by Zoe Pollock
Robert Scheer explores Suleiman's shady past:
[The Obama] administration has fallen back on the sordid option of backing a new and improved dictatorship. Predictably, it is one guided by a local strongman long entrusted by the CIA, Vice President Omar Suleiman, described by U.S. officials in the WikiLeaks cables as a "Mubarak consigliere." The script is out of an all-too-familiar playbook: Pick this longtime chief of Egyptian intelligence who has consistently done our bidding in matters of torture and retrofit him as a modern democratic leader. But this time the Egyptian street will not meekly go along.
... The scenes of the demonstrators in recent weeks have in some ways been reminiscent of those I witnessed in Cairo back in 1967, but their significance is exactly the opposite. Back then, when huge crowds took to the streets their anger got perversely twisted by nationalist rage into the demand that Gamal Abdel Nasser, who had presided over a humiliating defeat in the Six-Day War, not make good on his threat to resign. The failure of the Egyptian street to hold Nasser accountable for the stark failures of his dictatorship ushered in a 44-year reign of tyranny, corruption and stagnation at the heart of the Arab world. ...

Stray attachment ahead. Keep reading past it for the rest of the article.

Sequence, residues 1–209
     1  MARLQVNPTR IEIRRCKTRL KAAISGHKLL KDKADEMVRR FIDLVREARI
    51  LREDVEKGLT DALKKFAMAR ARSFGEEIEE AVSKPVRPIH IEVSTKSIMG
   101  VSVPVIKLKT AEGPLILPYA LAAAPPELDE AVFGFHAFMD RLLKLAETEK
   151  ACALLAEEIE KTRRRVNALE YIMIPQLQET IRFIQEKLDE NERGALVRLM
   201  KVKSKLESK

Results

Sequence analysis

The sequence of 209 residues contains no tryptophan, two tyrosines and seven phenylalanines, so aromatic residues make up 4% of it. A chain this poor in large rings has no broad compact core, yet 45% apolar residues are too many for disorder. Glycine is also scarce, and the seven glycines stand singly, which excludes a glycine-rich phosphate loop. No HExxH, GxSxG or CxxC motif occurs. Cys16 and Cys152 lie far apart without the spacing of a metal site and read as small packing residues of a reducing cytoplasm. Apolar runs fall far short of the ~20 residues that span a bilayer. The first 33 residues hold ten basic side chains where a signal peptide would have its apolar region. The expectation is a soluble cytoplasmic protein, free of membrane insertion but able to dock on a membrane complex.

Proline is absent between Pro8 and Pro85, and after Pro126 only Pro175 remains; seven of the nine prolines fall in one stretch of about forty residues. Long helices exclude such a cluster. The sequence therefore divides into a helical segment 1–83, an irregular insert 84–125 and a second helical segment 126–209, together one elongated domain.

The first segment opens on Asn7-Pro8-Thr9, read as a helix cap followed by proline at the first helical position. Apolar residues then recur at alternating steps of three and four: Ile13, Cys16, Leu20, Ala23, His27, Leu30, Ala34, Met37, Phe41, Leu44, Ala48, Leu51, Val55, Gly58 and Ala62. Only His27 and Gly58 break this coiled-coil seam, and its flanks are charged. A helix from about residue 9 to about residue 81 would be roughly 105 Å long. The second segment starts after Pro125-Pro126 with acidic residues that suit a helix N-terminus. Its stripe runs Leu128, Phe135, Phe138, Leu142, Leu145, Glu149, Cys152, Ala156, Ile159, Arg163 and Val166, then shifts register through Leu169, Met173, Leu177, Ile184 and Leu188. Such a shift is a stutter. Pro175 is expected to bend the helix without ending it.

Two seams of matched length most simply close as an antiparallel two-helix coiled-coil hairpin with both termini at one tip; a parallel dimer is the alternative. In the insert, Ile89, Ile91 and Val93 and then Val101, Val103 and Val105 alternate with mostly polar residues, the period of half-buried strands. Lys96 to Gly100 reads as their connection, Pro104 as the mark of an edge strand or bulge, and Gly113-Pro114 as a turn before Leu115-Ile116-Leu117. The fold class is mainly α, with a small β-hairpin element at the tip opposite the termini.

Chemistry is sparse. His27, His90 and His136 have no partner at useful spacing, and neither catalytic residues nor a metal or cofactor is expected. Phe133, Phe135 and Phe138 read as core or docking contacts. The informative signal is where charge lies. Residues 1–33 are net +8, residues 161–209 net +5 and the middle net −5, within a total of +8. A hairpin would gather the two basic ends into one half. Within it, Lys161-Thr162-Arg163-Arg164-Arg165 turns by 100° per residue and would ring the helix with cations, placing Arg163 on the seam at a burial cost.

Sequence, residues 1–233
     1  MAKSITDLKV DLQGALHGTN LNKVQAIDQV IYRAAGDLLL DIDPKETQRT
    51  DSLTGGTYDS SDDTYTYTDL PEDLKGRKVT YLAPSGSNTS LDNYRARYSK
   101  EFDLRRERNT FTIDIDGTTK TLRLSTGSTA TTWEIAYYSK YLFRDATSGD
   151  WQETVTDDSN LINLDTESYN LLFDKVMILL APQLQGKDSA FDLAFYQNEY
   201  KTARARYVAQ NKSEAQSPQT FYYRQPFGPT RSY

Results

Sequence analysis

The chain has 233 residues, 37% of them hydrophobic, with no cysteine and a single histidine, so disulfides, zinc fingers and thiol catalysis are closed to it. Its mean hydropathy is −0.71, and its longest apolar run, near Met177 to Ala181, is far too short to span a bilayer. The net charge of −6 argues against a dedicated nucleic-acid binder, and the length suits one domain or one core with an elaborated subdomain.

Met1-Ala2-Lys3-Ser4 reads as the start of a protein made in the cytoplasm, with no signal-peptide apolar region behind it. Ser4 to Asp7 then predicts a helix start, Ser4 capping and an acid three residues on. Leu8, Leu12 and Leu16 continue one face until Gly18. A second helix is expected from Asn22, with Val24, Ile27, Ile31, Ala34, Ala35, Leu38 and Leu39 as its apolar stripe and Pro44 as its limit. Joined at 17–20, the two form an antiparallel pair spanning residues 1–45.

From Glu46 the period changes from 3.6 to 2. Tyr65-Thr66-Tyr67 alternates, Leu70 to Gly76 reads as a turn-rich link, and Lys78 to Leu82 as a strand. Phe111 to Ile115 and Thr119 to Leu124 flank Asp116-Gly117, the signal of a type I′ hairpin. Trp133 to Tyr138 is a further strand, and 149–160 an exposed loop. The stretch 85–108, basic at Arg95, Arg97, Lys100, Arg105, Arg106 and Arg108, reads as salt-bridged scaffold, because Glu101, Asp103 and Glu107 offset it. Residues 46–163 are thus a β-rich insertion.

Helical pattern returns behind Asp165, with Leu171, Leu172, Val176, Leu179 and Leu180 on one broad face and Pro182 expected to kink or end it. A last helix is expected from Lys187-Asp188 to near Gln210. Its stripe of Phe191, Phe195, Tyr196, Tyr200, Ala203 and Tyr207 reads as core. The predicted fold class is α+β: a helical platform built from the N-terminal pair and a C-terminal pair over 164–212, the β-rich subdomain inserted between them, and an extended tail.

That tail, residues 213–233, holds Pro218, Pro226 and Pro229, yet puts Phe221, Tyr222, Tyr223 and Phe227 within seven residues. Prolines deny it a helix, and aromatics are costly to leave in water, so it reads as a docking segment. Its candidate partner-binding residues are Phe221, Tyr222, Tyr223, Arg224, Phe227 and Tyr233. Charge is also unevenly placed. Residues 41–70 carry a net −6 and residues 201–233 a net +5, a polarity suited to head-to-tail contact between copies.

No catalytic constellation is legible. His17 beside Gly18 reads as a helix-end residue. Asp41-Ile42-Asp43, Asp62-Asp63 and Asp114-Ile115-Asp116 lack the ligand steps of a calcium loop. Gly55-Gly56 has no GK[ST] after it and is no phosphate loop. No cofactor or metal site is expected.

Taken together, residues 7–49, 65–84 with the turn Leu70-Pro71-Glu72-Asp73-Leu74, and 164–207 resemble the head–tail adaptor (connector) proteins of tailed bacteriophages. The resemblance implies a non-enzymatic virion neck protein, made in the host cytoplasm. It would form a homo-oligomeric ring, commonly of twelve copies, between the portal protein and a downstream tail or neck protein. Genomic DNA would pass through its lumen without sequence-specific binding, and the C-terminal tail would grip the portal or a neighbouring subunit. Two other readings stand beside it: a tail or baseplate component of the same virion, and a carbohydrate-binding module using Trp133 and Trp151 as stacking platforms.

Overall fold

A key cable discussing the enormous unpopularity of both Anwar Sadat and Mubarak, who replaced him 30 years ago, states: "Mubarak seems to have managed the dilemma better in at least one key area: he has systematically and 'legally' eliminated virtually all political opposition." Our kind of guy?
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